WASHINGTON - The US Justice Department is exploring a legal pursuit of Julian Assange, said Vice President Joe Biden, who described the WikiLeaks founder as a dangerous "hi-tech terrorist."
"We're looking at that right now," Biden told NBC's Sunday talk show "Meet the Press," but the vice president stopped short of elaborating on just how the administration could act against the head of the organization whose release of thousands of classified US diplomatic cables has enraged Washington.
"I'm not going to comment on that process."
When asked whether he thought Assange was a high-tech terrorist or a whistleblower akin to those who released the Pentagon Papers -- a series of top-secret documents revealing US military policy in Vietnam -- Biden was clear: "I would argue that it's closer to being high-tech terrorist."
Legal pressure has been been building steadily on WikiLeaks and Assange, who is in England fighting extradition to Sweden, where he faces sexual assault allegations.
Assange said Friday it looked "increasingly likely" that the United States would try to extradite him on charges related to the leaked cables.
A report by congressional researchers found the Espionage Act and other US laws could be used to prosecute the 39-year-old Australian hacker, but there is no known precedent for prosecuting publishers in such a case.
A group of US senators early this month introduced a bill to make it easier to target the self-described whistleblowing website by making it illegal to publish names of informants serving the US military and intelligence community.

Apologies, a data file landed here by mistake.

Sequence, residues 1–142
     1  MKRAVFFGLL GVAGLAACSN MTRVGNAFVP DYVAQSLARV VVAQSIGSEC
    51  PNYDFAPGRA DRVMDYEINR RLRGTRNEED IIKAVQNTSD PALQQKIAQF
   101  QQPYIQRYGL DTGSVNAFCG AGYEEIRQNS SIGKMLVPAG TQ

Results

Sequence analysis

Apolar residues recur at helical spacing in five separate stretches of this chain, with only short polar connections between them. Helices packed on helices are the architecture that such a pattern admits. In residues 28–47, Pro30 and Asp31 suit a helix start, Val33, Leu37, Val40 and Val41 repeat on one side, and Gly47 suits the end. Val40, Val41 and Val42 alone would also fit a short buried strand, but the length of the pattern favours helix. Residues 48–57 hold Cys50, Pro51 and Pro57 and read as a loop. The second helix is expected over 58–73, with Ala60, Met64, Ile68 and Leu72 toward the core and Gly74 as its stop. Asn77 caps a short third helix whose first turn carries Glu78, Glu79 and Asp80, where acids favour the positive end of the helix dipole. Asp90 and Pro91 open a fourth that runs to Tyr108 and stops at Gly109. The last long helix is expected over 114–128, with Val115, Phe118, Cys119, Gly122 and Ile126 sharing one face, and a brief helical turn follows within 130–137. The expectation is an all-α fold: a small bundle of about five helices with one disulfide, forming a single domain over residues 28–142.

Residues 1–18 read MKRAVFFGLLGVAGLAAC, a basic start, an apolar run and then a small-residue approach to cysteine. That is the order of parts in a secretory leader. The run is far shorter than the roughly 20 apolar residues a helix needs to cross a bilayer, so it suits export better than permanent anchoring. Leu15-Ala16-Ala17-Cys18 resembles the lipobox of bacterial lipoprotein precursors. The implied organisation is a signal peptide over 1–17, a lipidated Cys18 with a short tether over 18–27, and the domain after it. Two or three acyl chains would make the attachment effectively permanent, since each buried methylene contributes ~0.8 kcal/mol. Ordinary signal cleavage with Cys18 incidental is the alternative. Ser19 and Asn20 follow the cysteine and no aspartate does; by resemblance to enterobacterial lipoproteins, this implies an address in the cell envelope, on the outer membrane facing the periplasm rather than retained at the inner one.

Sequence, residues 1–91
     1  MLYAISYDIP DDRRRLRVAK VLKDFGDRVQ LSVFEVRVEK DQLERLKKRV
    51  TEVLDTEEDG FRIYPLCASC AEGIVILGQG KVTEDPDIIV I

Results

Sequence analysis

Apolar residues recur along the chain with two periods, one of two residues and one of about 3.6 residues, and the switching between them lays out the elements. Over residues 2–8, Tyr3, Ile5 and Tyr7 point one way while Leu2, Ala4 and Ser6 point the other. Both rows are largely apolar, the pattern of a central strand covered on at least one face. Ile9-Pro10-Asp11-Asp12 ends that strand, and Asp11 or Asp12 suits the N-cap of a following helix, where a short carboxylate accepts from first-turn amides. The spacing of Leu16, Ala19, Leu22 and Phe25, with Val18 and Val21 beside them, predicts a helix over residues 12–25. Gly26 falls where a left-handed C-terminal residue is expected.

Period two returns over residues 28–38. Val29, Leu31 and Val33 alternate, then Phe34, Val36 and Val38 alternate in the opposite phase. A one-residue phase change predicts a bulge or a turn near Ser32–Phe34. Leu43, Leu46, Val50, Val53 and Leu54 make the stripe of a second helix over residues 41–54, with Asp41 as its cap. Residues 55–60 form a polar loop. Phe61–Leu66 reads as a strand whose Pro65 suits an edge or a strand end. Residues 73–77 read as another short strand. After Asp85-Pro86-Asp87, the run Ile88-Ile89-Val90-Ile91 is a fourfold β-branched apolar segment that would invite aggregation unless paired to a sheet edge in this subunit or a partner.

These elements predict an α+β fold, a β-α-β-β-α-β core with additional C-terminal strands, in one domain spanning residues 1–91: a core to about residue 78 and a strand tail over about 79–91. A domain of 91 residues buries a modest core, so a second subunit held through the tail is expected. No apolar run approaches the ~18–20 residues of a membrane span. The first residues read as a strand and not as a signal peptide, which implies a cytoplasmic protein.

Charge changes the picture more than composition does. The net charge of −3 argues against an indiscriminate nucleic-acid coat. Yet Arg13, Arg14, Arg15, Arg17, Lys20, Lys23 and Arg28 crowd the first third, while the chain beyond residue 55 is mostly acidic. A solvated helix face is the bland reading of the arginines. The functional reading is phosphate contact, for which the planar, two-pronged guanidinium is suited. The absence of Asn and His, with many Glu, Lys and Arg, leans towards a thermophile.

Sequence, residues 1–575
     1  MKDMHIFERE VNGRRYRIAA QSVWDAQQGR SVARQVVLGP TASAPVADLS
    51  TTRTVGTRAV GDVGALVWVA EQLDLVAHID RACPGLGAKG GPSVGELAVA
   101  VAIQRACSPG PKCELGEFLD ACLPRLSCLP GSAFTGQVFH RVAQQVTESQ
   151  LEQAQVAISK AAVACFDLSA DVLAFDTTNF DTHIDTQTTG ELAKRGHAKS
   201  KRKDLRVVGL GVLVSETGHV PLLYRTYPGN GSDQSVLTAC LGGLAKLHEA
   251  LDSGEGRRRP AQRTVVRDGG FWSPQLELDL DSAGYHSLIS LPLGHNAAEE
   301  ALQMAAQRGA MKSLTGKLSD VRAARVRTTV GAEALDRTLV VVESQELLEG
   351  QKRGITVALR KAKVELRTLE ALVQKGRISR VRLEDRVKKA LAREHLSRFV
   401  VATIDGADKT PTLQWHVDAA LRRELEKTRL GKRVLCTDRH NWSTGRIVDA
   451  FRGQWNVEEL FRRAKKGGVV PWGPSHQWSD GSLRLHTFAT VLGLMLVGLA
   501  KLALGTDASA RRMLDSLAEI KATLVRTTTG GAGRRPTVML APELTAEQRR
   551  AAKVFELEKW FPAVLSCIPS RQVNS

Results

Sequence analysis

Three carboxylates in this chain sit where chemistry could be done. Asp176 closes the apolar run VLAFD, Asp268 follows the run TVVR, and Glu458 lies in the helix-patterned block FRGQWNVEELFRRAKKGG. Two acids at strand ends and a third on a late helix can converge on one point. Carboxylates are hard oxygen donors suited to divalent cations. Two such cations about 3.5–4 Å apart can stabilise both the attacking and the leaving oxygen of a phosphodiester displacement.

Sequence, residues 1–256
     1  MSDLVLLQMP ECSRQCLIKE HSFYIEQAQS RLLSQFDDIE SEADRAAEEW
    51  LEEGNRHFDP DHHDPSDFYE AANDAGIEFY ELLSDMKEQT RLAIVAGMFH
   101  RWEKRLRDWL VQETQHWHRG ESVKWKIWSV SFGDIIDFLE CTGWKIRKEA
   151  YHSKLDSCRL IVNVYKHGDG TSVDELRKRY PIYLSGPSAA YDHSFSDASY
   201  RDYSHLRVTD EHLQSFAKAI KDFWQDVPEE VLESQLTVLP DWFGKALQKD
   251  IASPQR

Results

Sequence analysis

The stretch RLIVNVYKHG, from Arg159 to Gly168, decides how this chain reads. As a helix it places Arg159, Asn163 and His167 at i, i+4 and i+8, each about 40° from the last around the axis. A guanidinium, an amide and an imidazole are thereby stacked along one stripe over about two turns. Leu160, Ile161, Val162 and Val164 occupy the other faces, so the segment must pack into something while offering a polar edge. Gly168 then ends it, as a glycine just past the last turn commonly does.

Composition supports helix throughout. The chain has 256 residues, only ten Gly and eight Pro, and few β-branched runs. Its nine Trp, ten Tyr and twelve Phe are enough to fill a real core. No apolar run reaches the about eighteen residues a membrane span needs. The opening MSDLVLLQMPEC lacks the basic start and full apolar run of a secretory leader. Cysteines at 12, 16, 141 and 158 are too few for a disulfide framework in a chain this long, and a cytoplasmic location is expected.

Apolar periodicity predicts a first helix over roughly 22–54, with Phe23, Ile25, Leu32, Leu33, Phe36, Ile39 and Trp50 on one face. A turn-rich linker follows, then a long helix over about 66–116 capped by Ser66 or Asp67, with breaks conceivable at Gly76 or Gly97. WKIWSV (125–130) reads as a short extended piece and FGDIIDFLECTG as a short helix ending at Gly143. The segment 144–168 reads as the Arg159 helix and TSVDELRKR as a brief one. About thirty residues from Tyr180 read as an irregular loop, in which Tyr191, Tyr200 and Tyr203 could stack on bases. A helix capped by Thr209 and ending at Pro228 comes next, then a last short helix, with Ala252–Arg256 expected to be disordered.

Media reports suggested that US prosecutors are trying to build a case against Assange on the grounds that he encouraged US Army Private Bradley Manning, currently in US custody, to steal American cables from a government computer and pass them to WikiLeaks.
Assange has denied knowing Manning.
Biden appeared to leave the door open for charges against Assange.
"If he conspired to get these classified documents with a member of the US military, that's fundamentally different than if somebody drops (documents) on your lap here, (saying) 'You're a press person, here is classified material.'"
In a legal case, the United States would seek to show Assange's responsibility for damage to national security, but legal experts have said the path to prosecution is strewn with legal complications, including constitutional free speech protections.
Biden insisted WikiLeaks "has done damage" through its documents dump.
"Look, this guy (Assange) has done things that have damaged and put in jeopardy the lives and occupations of people in other parts of the world," Biden said.
In particular, he acknowledged that among world leaders concerned over the leaks, "there is a desire now to meet with me alone rather than have staff in the room."